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02/19/2005 Archived Entry: ""
As I mentioned in an earlier blog, I am looking forward to reading James Valliant's just-released book "The Passion of Ayn Rand's Critics: The Case Against the Brandens" which, for the first time, offers Rand's perspective (via never before published passages from her journals) on the behind-the-scenes behavior and scandals that have been hitherto known only through Rand's two biographers - Nathaniel and Barbara Branden.
My opinion of Rand as a human being declined upon reading the Brandens' portraits of her psychology and behavior. I concluded that her books contained the best of who she was and, so, I merely shrugged in weary acquiescence whenever someone assaulted Objectivism based on Rand's "lamentable" personality. Then I changed the subject back to what I felt was important about Rand: her ideas. In essence, I based my judgment of her personality upon hearing only one side of what can be likened to a messy divorce. I was wrong to do so. And I harbor hopes that Valliant's book will restore to me a more favorable opinion of the human being that was Ayn Rand. I am not looking for a role model or a heroine; but I would be relieved if Rand were revealed as a more sympathic person than either of the Brandens painted. If not, well, nothing has been lost by hoping.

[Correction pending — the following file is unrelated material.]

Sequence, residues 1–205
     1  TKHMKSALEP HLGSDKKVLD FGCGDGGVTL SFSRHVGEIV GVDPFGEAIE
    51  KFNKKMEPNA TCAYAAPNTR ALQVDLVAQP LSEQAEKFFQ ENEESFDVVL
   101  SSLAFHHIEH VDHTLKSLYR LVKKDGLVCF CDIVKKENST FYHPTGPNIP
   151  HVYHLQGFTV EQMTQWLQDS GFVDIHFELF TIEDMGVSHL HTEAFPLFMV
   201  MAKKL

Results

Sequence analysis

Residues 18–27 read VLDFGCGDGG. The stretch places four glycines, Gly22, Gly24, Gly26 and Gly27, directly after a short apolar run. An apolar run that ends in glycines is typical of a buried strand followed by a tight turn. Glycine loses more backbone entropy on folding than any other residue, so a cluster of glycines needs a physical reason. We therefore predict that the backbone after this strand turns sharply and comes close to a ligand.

I should receive a review copy shortly and I intend to consume the book in one sitting. Thus far, no reviews seem to be posted on the Internet tho' The Autonomist has promised one soon. But pre-review buzz is available aplenty. Discussion on The Autonomist forum tends to be pro-Valliant. Discussion on the SOLO forum tends to be pro-Brandens. I have no immediately reaction to the back-and-forth other than to find some fault with one attitude that underlies some of the SOLO posts: namely, that Valliant's book is unfortunate because it will tend to discredit the Brandens' accounts and, so, discredit them to some degree. Odd criticism. That possible consequence is unfortunate only if Valliant's book provides misinformation rather than the truth. Or, rather, Rand's own words on what she believed was the truth of various situations.